In 2018, the state National Food Authority (NFA) announced a rice shortage even before it happened. Also in 2018, TRAIN increased the tax on diesel—the poor man’s fuel—from zero to P2.50 per liter (P4.50 this January).  Then the peso depreciated by 12 percent from end-2016 and crude prices hit $80 per barrel.

Royally screwed is how economist Solita Monsod describes how inflation hurt the poor in 2018. She writes: “The average inflation rate faced by the poorest 30 percent of the people for the 11-month period (January to November) in 2018 was 7.1 percent. Contrast that with what we (the nonpoor) experienced for the same period: 5.2 percent. What makes it all the more unfair to the poor is that, at the same time, the take-home pay of the nonpoor (except for the top 0.01 percent) was increased because of the TRAIN law income tax reforms. The poor had no such increase in take-home pay. In effect, the nonpoor were given the wherewithal to more than cope with any price increases, while the poor were given nothing.”

Record-high prices and a severe food shortage is a formula for discontent.

When France’s Emmanuel Macron raised fuel prices unnecessarily last November it triggered a popular unrest

not seen since the French revolution. Once dubbed France’s JFK, Macron is fighting for his political life coping with a people’s revolt that has no leader, no organization, no end in sight, and no major agenda except his removal from office.

In Argentina, the world’s highest inflation rate since the Bible was invented has divided the country into two presidents, one duly elected but not performing, and another self-proclaimed but propped up by foreign colonial powers that used to ravage the country like they were playing in a barren football field.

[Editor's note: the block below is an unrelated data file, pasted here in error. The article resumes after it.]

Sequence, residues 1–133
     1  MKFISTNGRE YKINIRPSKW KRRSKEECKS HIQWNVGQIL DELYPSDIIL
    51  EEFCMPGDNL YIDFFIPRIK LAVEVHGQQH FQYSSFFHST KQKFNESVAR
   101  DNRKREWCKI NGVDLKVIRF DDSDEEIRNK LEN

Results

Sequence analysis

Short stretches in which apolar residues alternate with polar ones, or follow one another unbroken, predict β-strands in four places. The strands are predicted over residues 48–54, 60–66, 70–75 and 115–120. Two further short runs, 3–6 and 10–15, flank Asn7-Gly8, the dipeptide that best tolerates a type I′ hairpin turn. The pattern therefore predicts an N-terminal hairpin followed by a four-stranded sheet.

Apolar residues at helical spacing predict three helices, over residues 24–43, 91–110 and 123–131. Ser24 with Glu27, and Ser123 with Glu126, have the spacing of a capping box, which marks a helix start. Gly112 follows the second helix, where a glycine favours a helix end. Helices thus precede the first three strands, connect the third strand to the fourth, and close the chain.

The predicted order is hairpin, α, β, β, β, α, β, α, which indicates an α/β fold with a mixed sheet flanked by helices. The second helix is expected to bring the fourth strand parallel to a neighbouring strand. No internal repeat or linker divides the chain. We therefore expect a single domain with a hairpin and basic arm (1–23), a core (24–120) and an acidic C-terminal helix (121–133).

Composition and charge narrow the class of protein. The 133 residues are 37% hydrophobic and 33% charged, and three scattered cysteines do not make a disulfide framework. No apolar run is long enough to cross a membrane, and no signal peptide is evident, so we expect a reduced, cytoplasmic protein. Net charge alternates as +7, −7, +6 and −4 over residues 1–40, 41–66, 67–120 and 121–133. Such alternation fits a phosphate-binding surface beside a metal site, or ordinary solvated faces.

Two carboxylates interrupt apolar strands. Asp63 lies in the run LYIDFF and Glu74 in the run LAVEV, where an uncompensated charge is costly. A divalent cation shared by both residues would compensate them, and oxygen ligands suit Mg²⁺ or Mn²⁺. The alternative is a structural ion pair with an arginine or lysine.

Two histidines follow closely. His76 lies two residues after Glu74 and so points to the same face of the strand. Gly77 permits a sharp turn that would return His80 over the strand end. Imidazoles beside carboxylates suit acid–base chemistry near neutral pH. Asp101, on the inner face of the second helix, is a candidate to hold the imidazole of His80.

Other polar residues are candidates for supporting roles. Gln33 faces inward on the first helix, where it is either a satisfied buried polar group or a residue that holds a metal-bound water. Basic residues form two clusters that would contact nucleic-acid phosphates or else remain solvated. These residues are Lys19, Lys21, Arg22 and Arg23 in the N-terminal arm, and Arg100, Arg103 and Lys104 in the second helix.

Davao tycoon Dennis Uy’s Mislatel Consortium promises to be the Philippines’ best telco in terms of quality of service, network reach, internet speed, and reasonable pricing.

While a late entrant into a mature business, Dennis has considerable influence—he is the best business friend of the strong-willed Rodrigo Duterte who hates monopolies and Big Business as a matter of attitude; he is tied up with state-owned China Telecom, China’s third-biggest telco which does not seem to have the baggage of Huawei; and he wants to ride on the government’s power grid called National Grid which has a nationwide infrastructure.

“We don’t want to be just the third telco,” Dennis Uy assured the senators at the hearing on Jan. 24, 2019. “We want to be the best telco. A telco that is fast, affordable, and most importantly, secure.”

Before entering the telco business, Uy said, “I endured the most strict scrutiny no other businessman before me underwent. Many of my relatives and friends warned me against going into telecommunications. You have to make a lot of sacrifices before you start making money,” he added.

“Still,” Uy stressed, “I persisted because I believe a better telecommunications service is needed for faster growth of the Philippines. For too long, people have been waiting for a world-class and affordable telecommunications provider,” he lamented.

Topics: Mislatel Consortium , Economy , Rodrigo Duterte , Dennis Uy , Solita Monsod